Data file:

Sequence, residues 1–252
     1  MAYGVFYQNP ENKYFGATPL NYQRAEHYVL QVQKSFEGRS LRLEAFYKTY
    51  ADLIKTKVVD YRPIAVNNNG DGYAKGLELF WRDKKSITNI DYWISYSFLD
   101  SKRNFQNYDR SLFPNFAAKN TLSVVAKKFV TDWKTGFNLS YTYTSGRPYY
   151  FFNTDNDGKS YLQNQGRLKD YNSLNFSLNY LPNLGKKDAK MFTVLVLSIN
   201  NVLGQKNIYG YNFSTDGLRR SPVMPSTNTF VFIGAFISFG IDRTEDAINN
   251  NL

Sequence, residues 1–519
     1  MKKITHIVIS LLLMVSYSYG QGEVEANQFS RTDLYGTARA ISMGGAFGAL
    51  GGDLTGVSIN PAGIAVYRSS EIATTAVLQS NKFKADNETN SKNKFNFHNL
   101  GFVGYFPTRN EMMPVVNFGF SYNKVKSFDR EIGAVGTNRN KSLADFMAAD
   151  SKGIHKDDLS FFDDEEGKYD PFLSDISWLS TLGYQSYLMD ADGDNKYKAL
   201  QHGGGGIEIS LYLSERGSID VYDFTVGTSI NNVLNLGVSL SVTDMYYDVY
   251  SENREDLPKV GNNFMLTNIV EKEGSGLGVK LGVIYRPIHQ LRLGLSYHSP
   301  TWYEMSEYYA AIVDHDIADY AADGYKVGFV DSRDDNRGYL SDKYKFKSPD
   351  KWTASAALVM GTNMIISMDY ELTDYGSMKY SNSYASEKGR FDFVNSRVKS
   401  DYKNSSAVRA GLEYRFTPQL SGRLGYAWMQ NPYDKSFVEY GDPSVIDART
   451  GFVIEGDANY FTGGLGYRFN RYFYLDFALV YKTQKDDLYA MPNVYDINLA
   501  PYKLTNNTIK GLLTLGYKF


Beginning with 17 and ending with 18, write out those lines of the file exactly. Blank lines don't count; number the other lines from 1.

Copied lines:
   401  DYKNSSAVRA GLEYRFTPQL SGRLGYAWMQ NPYDKSFVEY GDPSVIDART
   451  GFVIEGDANY FTGGLGYRFN RYFYLDFALV YKTQKDDLYA MPNVYDINLA